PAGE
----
Chanel, Van Cleef & Arpels seize new points of sale in Union de SF

Van Cleef & Arpels – a century-old jewelry chain founded in Paris – and luxury fashion company Chanel recently acquired new retail stores in Union Square that are set to debut this year, with each existing property investment as a sign that the downtown SF is bouncing back.

Adding to the growing list of high-end retailers snapping up leases and properties in downtown San Francisco, the aforementioned European jeweler is expected to open a new location in the next few months, taking over the space at 140 Geary Street that once housed British clothing brand AllSaints. The Class B building in the middle of Union Square where Van Cleef & Arpels will open is an affiliated property owned by Trinity Properties — a company founded by the late Angelo Sangiacomo, famous one of SF’s biggest owners, and it is now run by the surviving members of his family. (The massive residential development on Eighth and Market Streets, Trinity Place, was Sangiacomo’s swan song he couldn’t see completed.)

In one exclusive report from the San Francisco Business Times, we learn that Chanel recently purchased the building at 340 Post Street in Union Square for $63 million, which is one of the biggest real estate deals signed in San Francisco since the start of the pandemic. The three-story, 17,810-square-foot building — currently home to the nearly 30-year-old Williams-Sonoma store — will add to Chanel’s current local footprint, which includes its four-story brick-built Union Square and -mortar location at 156 Geary Street. The Business Times speculates Williams-Sonoma may be looking to relocate, and Chanel seems likely to move its Union Square presence here when that happens.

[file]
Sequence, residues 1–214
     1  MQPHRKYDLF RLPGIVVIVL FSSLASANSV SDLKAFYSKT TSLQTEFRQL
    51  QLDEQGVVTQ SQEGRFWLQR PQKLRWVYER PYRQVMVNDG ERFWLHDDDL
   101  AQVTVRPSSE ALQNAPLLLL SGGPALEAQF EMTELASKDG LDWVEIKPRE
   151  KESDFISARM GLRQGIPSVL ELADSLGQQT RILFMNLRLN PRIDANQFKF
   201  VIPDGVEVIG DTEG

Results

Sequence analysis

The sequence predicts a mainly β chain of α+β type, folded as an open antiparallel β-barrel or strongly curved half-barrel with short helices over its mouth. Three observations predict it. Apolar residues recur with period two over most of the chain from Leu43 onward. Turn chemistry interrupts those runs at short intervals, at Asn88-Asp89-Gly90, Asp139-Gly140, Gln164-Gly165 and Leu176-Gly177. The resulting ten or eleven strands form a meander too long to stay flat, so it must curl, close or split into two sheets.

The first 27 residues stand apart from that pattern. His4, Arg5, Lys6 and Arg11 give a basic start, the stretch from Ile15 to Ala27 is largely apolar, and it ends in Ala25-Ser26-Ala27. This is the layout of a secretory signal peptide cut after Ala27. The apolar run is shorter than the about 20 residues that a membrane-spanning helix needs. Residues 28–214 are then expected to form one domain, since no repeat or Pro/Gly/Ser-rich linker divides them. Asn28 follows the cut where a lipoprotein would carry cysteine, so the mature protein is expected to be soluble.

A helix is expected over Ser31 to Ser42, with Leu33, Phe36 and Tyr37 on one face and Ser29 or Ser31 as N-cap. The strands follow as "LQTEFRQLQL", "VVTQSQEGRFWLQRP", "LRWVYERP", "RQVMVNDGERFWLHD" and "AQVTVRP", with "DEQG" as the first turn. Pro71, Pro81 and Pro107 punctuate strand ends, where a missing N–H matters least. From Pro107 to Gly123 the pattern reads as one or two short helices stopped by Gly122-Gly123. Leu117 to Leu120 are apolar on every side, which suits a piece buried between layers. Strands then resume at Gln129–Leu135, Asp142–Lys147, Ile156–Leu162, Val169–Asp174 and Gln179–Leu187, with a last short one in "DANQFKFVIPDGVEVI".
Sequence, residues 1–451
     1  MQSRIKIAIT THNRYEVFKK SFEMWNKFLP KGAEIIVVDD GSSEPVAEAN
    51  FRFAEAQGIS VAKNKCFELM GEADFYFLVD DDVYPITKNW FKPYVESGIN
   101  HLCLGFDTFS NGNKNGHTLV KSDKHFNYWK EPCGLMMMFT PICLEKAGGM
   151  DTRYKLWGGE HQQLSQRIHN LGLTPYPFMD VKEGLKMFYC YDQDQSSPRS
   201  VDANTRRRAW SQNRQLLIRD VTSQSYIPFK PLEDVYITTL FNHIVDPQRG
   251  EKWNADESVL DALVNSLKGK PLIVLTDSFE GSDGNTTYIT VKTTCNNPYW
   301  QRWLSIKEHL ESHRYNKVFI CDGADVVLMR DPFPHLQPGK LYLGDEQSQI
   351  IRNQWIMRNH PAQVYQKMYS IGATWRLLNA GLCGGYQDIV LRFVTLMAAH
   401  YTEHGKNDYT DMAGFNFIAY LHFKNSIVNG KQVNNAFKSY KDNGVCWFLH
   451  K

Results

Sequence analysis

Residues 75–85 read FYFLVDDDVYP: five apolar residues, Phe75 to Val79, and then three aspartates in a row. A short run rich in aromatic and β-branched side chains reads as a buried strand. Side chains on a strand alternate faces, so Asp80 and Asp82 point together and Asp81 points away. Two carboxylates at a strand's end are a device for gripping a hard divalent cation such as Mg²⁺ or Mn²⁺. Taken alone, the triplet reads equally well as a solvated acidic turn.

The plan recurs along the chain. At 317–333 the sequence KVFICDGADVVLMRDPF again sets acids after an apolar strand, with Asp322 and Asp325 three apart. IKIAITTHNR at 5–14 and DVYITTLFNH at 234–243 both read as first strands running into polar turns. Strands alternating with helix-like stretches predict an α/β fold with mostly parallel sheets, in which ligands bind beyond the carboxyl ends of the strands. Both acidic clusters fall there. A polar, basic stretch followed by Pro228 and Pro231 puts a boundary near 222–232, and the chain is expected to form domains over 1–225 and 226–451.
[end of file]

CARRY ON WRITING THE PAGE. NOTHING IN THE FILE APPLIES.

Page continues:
Los Angeles-based Stockdale Capital Partners bought the Post Street structure in October 2018 for $48.5 million. According to the Business Journal, Chanel’s acquisition of the building is costing about $3,537.34 per square foot for the space, an increase of about 25% per square foot from that sale four years prior.

Just a year ago, Union Square has recorded historical retail availability numbers as major retailers like Uniqlo, H&M, Marshalls and Gap closed stores left and right. But Laura Sagues Barr, senior vice president of CBRE San Francisco – a provider of commercial and private real estate services – noted that this acceleration in real estate purchases and commercial leases signed in downtown SF is incredibly promising. All of this activity points to a “significant number” of luxury retailers keen to expand their physical footprint there as the city continues to recover.

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